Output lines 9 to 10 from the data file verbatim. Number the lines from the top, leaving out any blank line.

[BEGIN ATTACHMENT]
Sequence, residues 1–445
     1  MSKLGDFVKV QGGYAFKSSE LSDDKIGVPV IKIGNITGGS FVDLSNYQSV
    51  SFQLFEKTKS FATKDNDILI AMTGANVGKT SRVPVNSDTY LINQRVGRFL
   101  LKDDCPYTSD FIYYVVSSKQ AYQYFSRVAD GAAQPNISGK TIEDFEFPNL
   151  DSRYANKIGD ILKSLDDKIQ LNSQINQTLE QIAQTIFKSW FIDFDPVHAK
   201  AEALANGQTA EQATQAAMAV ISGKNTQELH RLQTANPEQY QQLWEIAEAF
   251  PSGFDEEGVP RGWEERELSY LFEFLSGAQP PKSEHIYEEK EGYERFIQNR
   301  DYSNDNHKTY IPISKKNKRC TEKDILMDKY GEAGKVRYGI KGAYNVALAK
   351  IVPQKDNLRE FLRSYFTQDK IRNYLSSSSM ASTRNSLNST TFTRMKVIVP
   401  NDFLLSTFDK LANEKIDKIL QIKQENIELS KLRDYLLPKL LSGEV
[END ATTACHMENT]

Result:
   351  IVPQKDNLRE FLRSYFTQDK IRNYLSSSSM ASTRNSLNST TFTRMKVIVP
   401  NDFLLSTFDK LANEKIDKIL QIKQENIELS KLRDYLLPKL LSGEV